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Resigning the Right Way

May 22, 2021

You will likely be resigning from a job at some point in your career. I’d like to share a few insights and tips to help you resign the right way.

At first glance, it might seem unimportant — you’re leaving them anyway so why worry about this? There are three big reasons this is important:

  1. As you progress in your career, more and more of your important moves are going to come from your professional network instead of applications to jobs. It’s vitally important that as you move from one company to another, you place significant value in the professional relationships you have — because you’re going to need them. They are going to help you get jobs in the future.
  2. Your previous employers are your references. You should be cultivating outstanding references through each step in your career.
  3. Your industry is smaller than you think! One of your potential future employers is probably going to be connected to someone at your former company. At some point, a prospective employer is going to reach out for an unofficial reference — be sure they will always have good things to say about you.


With that out of the way, let’s talk about resigning the right way. Whether you’re leaving for a new role or for a personal reason, here are the basics: be positive, appreciative, respectful, flexible, and work hard to the end. Since your departure is unexpected, your soon-t0-be-former supervisor is going to be stressed and under pressure to resolve the problem (your resignation). So be kind, and work hard for your last few weeks. Here are a few specific tips:

The conversation

  • Try to meet with your supervisor in person or at the very least by phone. Try to avoid email and especially text.
  • Prepare your thoughts beforehand and plan to keep it short.
  • “I wanted to let you know I have decided to leave the company soon.”
  • Express your appreciation for the company, colleagues, and opportunities to learn and grow.
  • Share your planned last day.
  • Ask what you can focus on for the remainder of your time that will be most helpful to the company.
  • Thank your supervisor for their support (even if they didn’t give you any).


The written resignation

  • If you are meeting in person, bring a typed resignation letter with you and leave it with them at the end of your conversation. If by phone, plan to send it after your call.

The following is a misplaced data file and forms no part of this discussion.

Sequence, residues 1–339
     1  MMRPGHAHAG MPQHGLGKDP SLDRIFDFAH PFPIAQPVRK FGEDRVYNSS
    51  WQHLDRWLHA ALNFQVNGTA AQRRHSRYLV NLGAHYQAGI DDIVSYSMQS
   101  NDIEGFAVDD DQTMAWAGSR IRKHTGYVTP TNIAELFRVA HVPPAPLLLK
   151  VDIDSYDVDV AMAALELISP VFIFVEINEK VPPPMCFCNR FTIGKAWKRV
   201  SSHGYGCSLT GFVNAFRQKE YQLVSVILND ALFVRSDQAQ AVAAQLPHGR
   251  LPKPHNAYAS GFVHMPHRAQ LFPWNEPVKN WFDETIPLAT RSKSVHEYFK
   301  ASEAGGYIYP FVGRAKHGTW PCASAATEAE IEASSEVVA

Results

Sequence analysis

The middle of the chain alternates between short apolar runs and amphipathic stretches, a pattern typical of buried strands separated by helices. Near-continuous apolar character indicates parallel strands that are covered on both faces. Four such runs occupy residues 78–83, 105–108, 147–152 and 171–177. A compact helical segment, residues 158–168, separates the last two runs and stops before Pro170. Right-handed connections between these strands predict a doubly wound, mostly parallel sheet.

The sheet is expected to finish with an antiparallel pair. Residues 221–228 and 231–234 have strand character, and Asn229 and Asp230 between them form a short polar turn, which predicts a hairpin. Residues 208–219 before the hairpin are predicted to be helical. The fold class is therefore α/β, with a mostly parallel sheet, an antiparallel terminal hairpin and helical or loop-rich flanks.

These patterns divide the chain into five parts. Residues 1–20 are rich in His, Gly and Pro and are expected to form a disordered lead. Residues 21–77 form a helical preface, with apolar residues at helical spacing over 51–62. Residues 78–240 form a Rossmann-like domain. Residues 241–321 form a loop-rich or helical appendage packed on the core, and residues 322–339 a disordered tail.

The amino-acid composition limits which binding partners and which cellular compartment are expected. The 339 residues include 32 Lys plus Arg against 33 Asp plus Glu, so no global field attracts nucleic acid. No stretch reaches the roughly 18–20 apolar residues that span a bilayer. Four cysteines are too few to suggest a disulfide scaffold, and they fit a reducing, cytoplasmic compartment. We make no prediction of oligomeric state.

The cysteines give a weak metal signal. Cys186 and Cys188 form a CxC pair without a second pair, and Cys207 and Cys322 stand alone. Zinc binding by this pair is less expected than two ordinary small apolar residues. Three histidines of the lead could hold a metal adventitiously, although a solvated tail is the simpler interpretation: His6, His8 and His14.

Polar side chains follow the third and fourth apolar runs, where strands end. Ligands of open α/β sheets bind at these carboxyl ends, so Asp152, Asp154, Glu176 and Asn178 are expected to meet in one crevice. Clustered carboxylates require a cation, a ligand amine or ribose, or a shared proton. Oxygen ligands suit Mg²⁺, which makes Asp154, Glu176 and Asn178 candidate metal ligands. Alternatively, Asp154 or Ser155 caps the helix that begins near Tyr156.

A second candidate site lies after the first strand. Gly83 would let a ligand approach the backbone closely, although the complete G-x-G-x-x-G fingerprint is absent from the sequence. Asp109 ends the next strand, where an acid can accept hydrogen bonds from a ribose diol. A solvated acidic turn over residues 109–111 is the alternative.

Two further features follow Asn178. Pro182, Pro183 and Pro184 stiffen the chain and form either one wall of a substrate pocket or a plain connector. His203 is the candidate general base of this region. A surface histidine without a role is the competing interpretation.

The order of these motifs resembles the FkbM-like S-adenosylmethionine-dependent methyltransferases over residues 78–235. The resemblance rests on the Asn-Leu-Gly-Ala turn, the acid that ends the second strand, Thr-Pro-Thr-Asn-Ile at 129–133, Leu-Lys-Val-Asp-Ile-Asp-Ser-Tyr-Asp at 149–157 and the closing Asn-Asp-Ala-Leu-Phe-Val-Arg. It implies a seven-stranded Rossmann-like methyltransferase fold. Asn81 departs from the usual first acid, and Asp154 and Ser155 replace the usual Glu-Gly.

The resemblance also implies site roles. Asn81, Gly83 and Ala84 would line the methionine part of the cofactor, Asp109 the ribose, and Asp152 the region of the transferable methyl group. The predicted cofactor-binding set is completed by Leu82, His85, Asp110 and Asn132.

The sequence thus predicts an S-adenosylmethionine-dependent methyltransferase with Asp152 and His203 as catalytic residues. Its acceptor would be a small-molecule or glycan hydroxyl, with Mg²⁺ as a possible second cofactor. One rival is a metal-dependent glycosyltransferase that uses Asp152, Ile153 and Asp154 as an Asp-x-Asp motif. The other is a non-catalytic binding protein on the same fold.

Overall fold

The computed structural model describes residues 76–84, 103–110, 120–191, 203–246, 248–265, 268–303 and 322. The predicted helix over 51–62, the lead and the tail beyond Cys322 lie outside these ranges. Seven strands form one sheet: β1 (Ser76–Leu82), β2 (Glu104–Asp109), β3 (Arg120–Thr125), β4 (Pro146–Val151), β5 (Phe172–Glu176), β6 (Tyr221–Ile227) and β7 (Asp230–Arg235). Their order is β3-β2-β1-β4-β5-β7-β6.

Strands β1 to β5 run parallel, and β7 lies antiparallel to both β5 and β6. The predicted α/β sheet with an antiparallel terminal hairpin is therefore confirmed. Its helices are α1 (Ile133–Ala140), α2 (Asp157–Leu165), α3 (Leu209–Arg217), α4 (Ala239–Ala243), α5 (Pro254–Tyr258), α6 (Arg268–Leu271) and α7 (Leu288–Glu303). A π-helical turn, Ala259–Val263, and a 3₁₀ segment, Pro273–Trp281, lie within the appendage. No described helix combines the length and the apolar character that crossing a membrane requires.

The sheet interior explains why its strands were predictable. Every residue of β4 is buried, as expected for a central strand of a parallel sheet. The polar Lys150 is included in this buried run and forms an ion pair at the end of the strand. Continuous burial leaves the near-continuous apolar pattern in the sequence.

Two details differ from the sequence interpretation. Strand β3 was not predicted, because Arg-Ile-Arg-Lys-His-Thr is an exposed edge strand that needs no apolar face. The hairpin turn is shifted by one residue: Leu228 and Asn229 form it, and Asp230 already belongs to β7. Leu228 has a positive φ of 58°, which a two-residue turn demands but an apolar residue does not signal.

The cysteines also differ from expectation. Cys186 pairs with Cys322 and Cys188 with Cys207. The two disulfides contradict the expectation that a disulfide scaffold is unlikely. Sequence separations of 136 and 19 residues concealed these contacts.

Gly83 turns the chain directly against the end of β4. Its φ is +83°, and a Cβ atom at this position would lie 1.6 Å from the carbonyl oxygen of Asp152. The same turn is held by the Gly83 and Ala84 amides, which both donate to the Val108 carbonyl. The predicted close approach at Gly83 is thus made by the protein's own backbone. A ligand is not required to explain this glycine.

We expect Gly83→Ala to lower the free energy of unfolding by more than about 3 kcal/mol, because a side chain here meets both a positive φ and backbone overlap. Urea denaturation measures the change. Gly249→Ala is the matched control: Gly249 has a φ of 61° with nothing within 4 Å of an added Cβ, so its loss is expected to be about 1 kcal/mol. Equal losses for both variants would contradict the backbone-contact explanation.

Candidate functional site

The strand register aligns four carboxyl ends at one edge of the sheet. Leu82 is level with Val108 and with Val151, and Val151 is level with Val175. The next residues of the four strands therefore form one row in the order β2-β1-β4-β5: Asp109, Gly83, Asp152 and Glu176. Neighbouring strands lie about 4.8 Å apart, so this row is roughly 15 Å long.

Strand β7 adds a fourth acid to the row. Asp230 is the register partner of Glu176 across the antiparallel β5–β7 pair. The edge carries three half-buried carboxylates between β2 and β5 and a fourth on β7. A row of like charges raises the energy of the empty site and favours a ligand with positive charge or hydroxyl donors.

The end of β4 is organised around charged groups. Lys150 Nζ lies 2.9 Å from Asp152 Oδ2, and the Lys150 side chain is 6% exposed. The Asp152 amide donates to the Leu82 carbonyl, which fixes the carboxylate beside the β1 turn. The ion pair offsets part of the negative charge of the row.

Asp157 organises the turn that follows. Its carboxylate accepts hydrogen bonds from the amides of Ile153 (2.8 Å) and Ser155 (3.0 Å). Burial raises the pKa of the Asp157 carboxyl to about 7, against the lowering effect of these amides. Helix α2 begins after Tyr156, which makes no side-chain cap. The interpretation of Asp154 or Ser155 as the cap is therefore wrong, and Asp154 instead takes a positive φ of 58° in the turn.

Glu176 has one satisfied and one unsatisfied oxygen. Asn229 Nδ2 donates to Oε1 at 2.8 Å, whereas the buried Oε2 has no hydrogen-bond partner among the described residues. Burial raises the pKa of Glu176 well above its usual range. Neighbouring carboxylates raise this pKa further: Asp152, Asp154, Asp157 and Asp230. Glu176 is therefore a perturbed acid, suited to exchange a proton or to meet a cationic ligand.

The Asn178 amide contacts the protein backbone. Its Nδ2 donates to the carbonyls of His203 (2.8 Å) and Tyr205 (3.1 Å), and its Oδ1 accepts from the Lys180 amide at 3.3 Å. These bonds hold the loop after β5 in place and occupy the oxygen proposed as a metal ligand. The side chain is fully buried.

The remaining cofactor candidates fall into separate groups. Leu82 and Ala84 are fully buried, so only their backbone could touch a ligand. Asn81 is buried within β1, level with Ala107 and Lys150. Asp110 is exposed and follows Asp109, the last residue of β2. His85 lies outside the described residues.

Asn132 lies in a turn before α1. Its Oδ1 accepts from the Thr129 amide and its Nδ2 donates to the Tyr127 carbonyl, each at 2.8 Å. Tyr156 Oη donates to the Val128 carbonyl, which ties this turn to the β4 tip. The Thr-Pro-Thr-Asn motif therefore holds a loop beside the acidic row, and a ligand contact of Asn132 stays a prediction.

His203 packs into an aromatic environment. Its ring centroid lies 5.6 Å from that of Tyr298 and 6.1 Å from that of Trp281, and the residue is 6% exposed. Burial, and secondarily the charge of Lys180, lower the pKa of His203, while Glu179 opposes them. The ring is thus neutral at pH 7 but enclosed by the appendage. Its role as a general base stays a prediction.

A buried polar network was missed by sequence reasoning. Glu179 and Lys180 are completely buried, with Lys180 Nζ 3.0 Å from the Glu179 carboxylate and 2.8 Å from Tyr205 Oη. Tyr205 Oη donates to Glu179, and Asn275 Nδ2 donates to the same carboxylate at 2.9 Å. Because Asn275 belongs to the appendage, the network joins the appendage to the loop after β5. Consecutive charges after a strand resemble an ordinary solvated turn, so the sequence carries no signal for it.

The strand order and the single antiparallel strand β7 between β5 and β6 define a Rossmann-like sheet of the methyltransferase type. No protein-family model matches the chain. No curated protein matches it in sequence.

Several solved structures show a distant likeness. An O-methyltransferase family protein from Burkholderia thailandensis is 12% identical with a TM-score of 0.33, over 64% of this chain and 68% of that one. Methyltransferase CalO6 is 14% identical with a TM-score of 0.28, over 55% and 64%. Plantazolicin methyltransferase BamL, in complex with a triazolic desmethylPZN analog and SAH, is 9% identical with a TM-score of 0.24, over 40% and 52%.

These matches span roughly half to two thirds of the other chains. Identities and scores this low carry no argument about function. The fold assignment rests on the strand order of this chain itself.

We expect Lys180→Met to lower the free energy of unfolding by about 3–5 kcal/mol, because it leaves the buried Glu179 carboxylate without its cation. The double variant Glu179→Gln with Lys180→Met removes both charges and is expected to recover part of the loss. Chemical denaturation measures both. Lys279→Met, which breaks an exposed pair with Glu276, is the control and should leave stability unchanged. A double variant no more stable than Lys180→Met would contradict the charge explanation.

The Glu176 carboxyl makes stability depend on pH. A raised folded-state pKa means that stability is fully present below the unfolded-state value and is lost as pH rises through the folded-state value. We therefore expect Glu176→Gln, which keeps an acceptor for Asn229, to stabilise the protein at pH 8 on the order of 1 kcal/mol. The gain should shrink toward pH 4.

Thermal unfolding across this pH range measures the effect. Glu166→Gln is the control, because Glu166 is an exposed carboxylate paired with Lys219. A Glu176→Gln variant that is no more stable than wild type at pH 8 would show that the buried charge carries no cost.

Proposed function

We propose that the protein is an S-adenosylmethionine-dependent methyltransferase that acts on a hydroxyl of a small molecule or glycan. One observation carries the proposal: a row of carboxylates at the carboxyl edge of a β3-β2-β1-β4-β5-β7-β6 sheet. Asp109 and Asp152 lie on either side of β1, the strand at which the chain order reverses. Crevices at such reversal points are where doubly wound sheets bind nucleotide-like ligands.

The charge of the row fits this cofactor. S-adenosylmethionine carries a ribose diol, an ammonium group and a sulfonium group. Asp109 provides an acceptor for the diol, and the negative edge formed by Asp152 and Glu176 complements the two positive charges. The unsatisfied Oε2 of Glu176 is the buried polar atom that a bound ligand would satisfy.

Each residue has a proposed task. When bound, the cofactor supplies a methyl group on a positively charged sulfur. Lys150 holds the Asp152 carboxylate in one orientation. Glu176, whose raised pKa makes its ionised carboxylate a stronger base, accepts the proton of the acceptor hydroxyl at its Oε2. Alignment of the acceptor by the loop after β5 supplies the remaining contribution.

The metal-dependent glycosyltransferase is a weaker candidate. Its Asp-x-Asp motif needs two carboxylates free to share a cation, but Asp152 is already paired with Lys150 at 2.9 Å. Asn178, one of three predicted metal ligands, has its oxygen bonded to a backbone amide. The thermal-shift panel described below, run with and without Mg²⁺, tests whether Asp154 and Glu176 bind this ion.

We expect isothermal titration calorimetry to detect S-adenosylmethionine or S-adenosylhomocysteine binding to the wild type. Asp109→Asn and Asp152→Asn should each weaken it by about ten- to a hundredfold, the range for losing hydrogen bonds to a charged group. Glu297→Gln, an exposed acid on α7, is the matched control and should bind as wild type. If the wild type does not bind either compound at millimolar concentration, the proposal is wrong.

• The letter should express everything noted above from the conversation. It doesn’t need to be long. The key points: I am leaving effective xxx; thank you for having me; how can I help while still here; thank you again.
  • Signed and dated.


Notice period

Provide at least 2 weeks notice unless completely unavoidable. More is always appreciated when possible. Note: in most states, the employer is within their rights to ask you to leave immediately, so be prepared for either outcome.


Be sure to work hard in your last few weeks! Try not to just breeze to the end without supporting your colleagues.


It can be tempting to air your dirty laundry once you have announced your upcoming departure — don’t do it. Even if you are leaving because its a miserable place to be, stay positive — its almost over! Don’t start complaining to your work friends, your supervisor, or to their supervisor. Remain professional and positive.

Handling questions

  • Where are you going? I don’t feel comfortable announcing that yet, but I will share with you once I start!
  • Why are you leaving? I was offered a great opportunity that feels like a good next step for me –OR– I have decided to take some time to focus on my personal life. More details are not important or suggested.



If you have been the victim of any type of harassment or discrimination, some of these guidelines may not be right for you. In these cases, especially if you are considering taking legal action, we suggest consulting an attorney.

About the contributor
William Brobston
About the contributor


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